Residents cite GW Hospital violations

A group of Foggy Bottom residents reported that the GW Hospital is disturbing the community and violating zoning orders because it accepts deliveries to its 24th Street loading dock outside allowed times.

The group of residents began compiling photos of the violations after being disturbed by noisy deliveries before 7 a.m. and after 6 p.m. this fall. The loading dock is located near the intersection of 24th Street and New Hampshire Avenue, within 50 feet of four town houses and the Jefferson House Condominiums.

“From the information I’ve received, it seems clear that certain municipal conditions have been violated,” Metropolitan Police Commander Jeffrey Moore said. “I understand that the hospital has to operate, but I also realize that people want the peace and quiet they are entitled to.”

Advisory Neighborhood Commissioner Dorothy Miller and others said the hospital deliveries are in violation of one of the 19 conditions attached to the Board of Zoning Adjustment order that approved the hospital construction. The BZA regulates land usage throughout the District. According to the order, “the hospital shall require that deliveries to the loading dock not occur before 7 a.m. or after 6 p.m.”

The Department of Consumer and Regulatory Affairs is responsible for enforcing zoning regulations and assigning penalties. Some residents say that the organization is not able to enforce all the municipal regulations for which it is responsible.

“These orders could be enforced, but our DCRA is so dysfunctional that we usually don’t get a response on zoning orders, especially when GW is involved,” said Elizabeth Elliot, chair of the Advisory Neighborhood Commission.

DCRA Director David Clark declined to comment on the situation in Foggy Bottom.

Hospital officials also declined to comment on the alleged violations.

The hospital has been a point of contention between the community and the University in the past.

In March 1998, GW announced plans for a $92 million facility, which Foggy Bottom residents immediately opposed when the proposed location was revealed.

“The ANC considers the present site of the hospital to be more suitable for the operations of a hospital and considerably less intrusive on the neighborhood in terms of traffic and noise,” then Foggy Bottom leader Miller said in a January 1999 Hatchet article.

When the BZA approved the hospital plan in August 1999, the Foggy Bottom Association filed a request with the D.C. Court of Appeals to reconsider the decision. Despite the protests, GW broke ground on the project in October 1999 and completed construction in August 2002.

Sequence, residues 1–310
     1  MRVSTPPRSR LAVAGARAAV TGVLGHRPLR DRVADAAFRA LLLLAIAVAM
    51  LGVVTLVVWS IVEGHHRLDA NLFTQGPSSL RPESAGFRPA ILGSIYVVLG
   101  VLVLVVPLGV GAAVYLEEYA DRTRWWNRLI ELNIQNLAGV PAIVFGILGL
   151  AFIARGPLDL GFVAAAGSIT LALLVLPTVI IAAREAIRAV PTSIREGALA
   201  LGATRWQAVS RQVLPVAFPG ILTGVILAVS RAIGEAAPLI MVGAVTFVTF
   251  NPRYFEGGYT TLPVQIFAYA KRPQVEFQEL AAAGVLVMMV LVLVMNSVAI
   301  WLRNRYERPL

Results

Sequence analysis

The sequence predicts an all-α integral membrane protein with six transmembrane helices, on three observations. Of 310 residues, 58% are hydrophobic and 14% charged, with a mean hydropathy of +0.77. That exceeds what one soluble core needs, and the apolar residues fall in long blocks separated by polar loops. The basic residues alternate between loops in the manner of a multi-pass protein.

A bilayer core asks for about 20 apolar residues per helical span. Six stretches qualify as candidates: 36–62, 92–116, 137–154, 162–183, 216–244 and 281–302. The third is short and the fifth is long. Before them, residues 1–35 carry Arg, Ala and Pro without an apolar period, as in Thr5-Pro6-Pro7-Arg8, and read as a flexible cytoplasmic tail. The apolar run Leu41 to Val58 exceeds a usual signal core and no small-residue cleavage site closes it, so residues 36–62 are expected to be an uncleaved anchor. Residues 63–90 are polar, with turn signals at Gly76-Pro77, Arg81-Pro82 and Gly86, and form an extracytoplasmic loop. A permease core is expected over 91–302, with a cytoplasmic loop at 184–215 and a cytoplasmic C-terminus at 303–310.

“They built their own problem on this one,” Miller said. “We warned them from day one that it was no place for a hospital, but they went ahead and built it anyway.”

Resident Ben Klotz began monitoring the violations in September from his dining room window at 2403 I St. Klotz said the most grating noise comes from a truck that pumps liquid oxygen into the hospital tank, sometimes after 10 p.m. Klotz said the driver of the truck wears earplugs during deliveries, which can take up to 40 minutes.

Klotz and others eventually sent a letter and photos of the violations to hospital CEO Dan McLean.

“Trucks are regularly parked blocking the sidewalk, in violation of the conditions set up by the BZA,” Miller said. “I’ve turned all these complaints over to the police because I can’t be out there monitoring them all day.”

McLean responded to Foggy Bottom residents in a formal letter dated Nov. 7.

“It is certainly our intention to abide by all conditions of the permits and certificate of occupancy as listed by the BZA,” wrote McLean. “Violations of these conditions will be addressed immediately.”

A meeting is scheduled between McLean and several Foggy Bottom residents next week.

Some residents said they are frustrated by the disturbances because they had predicted such problems would arise from the new hospital location.

“It’s terrible,” resident Maria Tyler said. “After people have paid taxes to the city and invested their savings in these beautiful homes, they have to live with this terrible noise.”

Police officials said they will continue to monitor the situation.

“You have a very complex situation in Foggy Bottom, with so many people trying to live, work and go to school,” Moore said. “There are so many municipal conditions that apply to the situation that it can get confusing, but it’s important to follow the rules as much as possible.”

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